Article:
In other respects, it's allowed to be a government and legislate whatever its democratically elected legislators vote to legislate.

  • by szyzyg (7313) on Friday February 25, 2011 @06:05PM (#35318032)

    I see the CFL = Mercury thing all the time and frankly it's avoiding the fact that the power savings from replacing an Incandescent with a CFL mean you take less power, burn less coal and release less mercury into the air.

    Here's the math:
    Take a 100w bulb and replace it with a 17W CFL - average lifetime of a CFL is about 10,000 hours. So that 83w power difference over 10,000 hours is 3 gigajoules. Coal power content is about 33 megajoules per kilogram - so that works out to about 90kilograms of coal over the lifetime of the bulb. Mercury content varies but about 10 parts/million is a reasonable average - so that pile of coal will contain about 900 miligrams of mercury. CFL's contain about 5milligrams (although there are 'eco friendly' bulbs that contain less than a milligram.

    Now, there are other factors, firstly the fuel cycle of power plants isn't 100% so the amount of coal will be higher, on the other hand, in the US only about 50% of the electrical power comes from coal.

    Regardless - Incandescents are *worse* in terms of mercury pollution, and anyone telling you otherwise is either misinformed or lying.

  • Re:Good! (Score:5, Insightful)

    by raygundan (16760) on Friday February 25, 2011 @06:05PM (#35318036) Homepage

    No, it's not the same thing-- and in fact the rule has spurred the creation of several brands of incandescents that *do* meet the new efficiency standards. I have four of them from Philips in a set of ceiling lights on a dimmer switch. It is, in fact, an example of a well-written government rule that dictates what we want (more efficient sources of light) without mandating specific technologies or manufacturers, letting the market sort out how best to get there.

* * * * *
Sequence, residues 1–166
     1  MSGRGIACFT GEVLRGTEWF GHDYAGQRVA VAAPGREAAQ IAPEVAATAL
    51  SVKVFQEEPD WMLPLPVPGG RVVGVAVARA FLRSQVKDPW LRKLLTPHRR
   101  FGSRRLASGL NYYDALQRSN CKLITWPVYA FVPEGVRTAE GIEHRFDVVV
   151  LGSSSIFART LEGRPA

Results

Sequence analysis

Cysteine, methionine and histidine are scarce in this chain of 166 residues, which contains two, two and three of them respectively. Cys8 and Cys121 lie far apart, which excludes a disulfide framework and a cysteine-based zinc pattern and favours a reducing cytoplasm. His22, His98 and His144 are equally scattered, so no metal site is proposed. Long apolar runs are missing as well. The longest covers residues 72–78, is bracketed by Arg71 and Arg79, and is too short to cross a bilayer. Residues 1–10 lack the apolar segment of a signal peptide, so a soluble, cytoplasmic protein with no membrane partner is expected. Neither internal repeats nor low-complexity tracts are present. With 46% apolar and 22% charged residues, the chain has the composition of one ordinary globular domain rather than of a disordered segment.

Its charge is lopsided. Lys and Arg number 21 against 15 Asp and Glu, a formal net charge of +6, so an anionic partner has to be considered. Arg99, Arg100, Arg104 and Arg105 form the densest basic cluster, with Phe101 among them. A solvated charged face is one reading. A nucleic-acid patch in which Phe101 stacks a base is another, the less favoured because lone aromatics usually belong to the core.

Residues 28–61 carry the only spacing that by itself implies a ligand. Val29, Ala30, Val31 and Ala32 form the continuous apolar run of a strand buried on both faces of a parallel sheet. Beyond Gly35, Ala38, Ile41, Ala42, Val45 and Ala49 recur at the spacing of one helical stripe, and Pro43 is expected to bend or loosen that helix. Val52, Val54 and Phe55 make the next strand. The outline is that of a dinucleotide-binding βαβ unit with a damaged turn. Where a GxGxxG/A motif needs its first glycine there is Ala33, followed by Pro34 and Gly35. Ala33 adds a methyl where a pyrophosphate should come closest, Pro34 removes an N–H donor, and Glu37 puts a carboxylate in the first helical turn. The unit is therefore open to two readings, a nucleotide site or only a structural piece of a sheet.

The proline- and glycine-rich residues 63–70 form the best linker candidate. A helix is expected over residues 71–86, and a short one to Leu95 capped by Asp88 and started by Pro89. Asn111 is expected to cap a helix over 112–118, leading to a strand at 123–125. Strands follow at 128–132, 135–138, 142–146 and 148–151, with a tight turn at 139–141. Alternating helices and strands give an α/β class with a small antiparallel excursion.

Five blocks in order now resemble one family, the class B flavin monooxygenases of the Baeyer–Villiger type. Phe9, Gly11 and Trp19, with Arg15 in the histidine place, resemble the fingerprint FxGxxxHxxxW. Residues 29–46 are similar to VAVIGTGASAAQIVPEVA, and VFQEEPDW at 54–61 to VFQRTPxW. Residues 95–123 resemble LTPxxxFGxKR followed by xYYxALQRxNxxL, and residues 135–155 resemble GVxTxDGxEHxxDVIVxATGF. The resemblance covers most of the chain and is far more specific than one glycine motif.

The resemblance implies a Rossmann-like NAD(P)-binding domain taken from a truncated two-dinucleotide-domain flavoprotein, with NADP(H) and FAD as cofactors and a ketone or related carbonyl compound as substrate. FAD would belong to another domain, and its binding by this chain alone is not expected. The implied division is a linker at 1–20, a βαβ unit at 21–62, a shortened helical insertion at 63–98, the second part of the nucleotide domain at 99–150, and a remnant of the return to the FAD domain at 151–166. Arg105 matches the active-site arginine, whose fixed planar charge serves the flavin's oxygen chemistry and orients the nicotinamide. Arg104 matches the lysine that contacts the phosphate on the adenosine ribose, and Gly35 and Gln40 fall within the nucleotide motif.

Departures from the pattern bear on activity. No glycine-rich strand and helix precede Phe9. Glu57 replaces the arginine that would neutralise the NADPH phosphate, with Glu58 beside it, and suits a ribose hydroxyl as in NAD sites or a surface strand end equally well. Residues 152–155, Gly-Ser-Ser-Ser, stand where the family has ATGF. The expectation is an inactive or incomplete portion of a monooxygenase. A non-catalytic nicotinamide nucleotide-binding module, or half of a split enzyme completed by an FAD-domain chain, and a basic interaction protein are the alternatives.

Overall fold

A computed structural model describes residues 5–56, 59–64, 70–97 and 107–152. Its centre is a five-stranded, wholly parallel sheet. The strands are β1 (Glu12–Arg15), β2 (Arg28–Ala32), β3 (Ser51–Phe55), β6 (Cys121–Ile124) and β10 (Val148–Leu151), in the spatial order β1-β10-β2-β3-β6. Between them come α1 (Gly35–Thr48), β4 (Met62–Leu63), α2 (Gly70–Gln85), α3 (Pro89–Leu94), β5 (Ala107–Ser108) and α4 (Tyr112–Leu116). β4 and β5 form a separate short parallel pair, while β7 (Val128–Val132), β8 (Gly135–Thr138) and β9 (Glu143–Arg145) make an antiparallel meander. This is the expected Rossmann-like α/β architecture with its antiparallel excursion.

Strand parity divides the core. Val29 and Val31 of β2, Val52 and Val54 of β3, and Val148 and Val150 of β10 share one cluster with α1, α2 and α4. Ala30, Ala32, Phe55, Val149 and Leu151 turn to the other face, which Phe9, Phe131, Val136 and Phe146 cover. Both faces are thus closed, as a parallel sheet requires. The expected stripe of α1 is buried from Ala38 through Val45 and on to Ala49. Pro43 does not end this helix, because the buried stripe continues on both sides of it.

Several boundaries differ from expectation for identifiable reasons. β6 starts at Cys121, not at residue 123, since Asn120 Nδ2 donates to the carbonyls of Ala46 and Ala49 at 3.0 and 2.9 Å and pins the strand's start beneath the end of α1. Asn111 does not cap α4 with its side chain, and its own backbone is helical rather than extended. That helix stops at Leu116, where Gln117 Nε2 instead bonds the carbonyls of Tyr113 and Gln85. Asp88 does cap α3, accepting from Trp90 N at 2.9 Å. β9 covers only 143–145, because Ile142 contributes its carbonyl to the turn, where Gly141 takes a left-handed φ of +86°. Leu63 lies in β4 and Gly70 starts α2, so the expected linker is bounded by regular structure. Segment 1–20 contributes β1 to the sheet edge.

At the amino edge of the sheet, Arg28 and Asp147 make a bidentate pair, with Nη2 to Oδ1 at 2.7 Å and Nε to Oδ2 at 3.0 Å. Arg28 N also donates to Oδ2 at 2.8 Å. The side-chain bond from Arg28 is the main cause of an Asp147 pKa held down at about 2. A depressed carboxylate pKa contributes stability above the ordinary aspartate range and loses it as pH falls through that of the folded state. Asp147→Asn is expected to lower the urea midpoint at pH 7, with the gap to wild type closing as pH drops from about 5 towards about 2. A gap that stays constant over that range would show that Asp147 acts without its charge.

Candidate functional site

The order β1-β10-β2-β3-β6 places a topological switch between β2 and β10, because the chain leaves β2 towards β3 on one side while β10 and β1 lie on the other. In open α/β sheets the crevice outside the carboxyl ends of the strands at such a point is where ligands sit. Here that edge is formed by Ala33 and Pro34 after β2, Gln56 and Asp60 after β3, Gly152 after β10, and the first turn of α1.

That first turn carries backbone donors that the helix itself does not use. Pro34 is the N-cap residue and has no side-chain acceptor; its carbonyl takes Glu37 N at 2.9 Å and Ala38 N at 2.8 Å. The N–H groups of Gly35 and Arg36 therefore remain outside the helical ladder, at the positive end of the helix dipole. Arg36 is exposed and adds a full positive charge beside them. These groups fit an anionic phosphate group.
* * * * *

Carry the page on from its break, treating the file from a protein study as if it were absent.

I'm certainly not enough of a constitutional scholar to argue whether or not congress is allowed to regulate these things-- but assuming they are, they did it the right way.

  • Re:Good! (Score:4, Insightful)

    by Zan Lynx (87672) on Friday February 25, 2011 @06:15PM (#35318184) Homepage

    Actually, the entire US Constitution is exactly about limits on what the Federal government can legislate. The document first takes everything away, the hands out various powers to parts of the government.

    Every other power that isn't listed is supposed to be handled by the States.

    As we can see, that idea didn't last very long. I think it hardly made it to 100 years.

  • by Anonymous Coward on Friday February 25, 2011 @06:18PM (#35318236)

    This is another example of whackos in government run amok. Why not let consumers decide what to buy and for what purpose? During the winter I leave a small 40 watt bulb on in my well house to prevent the pipes from freezing...it gives out enough heat and it's perfect for that application. Now I will have to get a space heater causing me to burn even more electricity even when turned on the lowest setting.

    This is absolutely idiotic...for government to ban a specific appliance. Almost as idiotic as banning people from owning and smoking a plant!

    You know that the problem is not the government being idiotic, it's YOU.

    There are dozens of potential choices for you to warm your well house, many of which would be MORE efficient than your lightbulb. Just getting a space heater is an example of you being imprudent and rushing to conclusions instead of learning about your options.

    The easiest I'd recommend would be a simple grow light, as they ARE exempted from the ban, or if you wish, a rough-service lamp. You may also wish to consider a pipe warming electrical cord. They even make them with temperature sensors so they shut off when it's warm enough that you don't need to worry about freezing.

    But no, instead of looking at your options, you'd rather rant and rave at the government. That is why the Free Market fails. People ARE stupid.

  • Re:Good! (Score:3, Insightful)

    by AmericanBlarney (1098141) on Friday February 25, 2011 @06:24PM (#35318356)

    I'm pretty sure the constitution doesn't limit what government can legislate, except for the pretty specific clauses ensuring specific kinds of fundamental individual freedoms such as freedom of speech, association, freedom from arbitrary incarceration, and several other specific limitations on the government's scope of power.